coccolith

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Related to Coccoliths: Coccosphere, Acritarchs

coccolith

[′käk·ə‚lith]
(botany)
One of the small, interlocking calcite plates covering members of the Coccolithophorida.
McGraw-Hill Dictionary of Scientific & Technical Terms, 6E, Copyright © 2003 by The McGraw-Hill Companies, Inc.
References in periodicals archive ?
(2.) P Ziveri, B De Bernardi, K Baumann, H Stoll and P Mortyn, "Sinking of Coccolith Carbonate and Potential Contribution to Organic Carbon Ballasting in the Deep Ocean," Deep-Sea Res.
Chalk is a fine-grained carbonate rock constituted mostly of coccolith tests and characterized by a wide range of porosities and low permeabilities.
Distribution of coccoliths in surface sediments of the south-eastern South Atlantic Ocean: ecology, preservation and carbonate contribution.
A comparison of water samples and sediments across a variety of locations has shown that the weight of individual coccoliths (mainly those of Emiliania huxleyi, the most common coccolithophore species, and Gephyrocapsa) increases as seawater [C[O.sub.3.sup.2-]] increases (Beaufort et al., 2011).
Coccoliths are formed almost exclusively of calcium carbonate, as most magnesium is expelled by metabolic processes within the cells, whereas foraminiferal shells contain a much higher concentration of magnesium.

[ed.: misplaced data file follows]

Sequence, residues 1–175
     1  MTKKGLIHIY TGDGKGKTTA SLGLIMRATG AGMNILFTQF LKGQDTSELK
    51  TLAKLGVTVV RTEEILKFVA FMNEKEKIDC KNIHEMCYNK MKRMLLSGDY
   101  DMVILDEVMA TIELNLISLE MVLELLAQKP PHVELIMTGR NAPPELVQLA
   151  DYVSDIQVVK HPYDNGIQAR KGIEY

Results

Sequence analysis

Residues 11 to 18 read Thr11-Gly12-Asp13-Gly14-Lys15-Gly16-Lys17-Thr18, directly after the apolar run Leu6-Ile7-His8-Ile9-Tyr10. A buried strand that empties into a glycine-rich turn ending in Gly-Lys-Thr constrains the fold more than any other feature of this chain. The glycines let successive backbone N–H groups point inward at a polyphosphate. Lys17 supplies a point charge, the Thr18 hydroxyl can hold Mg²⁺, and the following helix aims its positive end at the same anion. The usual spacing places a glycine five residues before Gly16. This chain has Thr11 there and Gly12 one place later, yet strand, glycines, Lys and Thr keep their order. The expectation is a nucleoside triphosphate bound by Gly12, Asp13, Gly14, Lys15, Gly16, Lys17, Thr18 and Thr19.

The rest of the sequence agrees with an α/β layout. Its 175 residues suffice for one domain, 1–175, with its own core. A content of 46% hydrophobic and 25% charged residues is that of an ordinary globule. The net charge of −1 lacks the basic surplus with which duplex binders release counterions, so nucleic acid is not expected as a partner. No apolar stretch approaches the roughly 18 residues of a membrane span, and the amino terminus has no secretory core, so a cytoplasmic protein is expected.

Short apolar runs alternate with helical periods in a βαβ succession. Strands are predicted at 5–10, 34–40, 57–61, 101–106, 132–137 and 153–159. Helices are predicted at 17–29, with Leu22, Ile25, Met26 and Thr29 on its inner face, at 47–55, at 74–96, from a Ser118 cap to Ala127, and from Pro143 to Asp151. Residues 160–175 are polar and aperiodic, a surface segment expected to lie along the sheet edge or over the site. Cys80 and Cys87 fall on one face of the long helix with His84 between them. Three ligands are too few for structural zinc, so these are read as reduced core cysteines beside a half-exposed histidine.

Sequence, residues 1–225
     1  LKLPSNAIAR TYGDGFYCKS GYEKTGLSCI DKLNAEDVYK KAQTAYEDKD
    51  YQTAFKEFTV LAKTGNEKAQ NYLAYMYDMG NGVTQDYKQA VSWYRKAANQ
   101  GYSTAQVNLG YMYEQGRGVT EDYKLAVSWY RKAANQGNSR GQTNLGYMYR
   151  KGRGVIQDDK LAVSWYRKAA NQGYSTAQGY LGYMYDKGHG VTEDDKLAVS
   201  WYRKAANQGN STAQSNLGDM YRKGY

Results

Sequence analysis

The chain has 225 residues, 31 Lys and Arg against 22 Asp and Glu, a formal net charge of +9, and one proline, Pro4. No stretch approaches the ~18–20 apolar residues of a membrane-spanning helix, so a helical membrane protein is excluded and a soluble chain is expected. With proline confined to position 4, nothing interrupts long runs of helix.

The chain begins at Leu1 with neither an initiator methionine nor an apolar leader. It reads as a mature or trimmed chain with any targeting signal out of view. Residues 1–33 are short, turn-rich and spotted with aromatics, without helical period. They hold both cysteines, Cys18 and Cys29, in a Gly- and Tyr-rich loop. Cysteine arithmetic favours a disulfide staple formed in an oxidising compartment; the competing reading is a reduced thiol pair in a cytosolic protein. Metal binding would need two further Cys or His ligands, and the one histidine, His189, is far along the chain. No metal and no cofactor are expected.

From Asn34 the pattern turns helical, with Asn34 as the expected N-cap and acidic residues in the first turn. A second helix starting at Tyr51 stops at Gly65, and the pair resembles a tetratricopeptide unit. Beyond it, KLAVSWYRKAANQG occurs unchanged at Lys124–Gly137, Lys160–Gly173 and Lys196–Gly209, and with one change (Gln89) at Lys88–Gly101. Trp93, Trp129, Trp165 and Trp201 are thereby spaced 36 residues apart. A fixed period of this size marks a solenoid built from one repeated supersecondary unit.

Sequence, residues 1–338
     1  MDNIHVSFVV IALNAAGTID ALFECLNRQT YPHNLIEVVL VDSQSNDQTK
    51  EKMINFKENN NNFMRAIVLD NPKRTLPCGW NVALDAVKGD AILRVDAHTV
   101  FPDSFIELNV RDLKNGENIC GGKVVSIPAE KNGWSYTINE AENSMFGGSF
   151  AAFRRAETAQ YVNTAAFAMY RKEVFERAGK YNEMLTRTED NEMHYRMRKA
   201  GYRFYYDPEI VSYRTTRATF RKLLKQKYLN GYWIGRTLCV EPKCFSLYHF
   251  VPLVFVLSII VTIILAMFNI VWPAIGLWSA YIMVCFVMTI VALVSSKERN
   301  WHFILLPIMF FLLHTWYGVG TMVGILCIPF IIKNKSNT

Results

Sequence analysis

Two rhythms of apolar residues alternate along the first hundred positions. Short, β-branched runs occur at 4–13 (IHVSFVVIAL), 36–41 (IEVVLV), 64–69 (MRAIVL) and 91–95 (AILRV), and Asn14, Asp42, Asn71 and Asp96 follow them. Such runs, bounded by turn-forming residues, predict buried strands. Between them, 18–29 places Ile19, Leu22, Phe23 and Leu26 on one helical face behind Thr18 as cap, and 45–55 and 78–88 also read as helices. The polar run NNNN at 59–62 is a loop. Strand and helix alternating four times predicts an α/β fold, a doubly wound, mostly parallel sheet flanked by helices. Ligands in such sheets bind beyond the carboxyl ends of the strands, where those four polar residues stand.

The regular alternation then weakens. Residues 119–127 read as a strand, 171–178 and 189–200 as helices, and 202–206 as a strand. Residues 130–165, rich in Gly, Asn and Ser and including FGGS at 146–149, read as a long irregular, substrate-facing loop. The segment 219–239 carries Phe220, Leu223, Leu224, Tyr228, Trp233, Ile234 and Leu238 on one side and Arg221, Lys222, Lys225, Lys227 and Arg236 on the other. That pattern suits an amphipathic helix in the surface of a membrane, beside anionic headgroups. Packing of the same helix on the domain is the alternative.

(1980): Supplementary modification and introduction of code numbers to the low-latitude coccolith biostratigraphic zonation (Bukry, 1973;1975).
Nicholls (1979), using X-ray emission spectra, has shown that the scales are composed of silica, but not calcified, and hence do not represent coccoliths.
Nannoplankton fruto the Galapagos Islands: Michaelsarsia elegans Gran and Haloppapus adriaticus Schiller (coccolithophorids) with special reference to coccoliths and their unmineralized comoponents.
The most important group of autotrophic and planktonic haptophytes, important primary producers, is without doubt the coccolithophorids, whose cells are covered with scales of calcium carbonate called coccoliths. Most of these cells do not possess functional flagella.
The sedimentary origin of the calcareous components is proved by the presence of coccoliths, fossils of marine algae that lived in past geological eras but not at present (Danin et al., 1989).
Diatoms fix carbon dioxide, but produce little DMS, whereas coccoliths produce DMS, but also release carbon dioxide.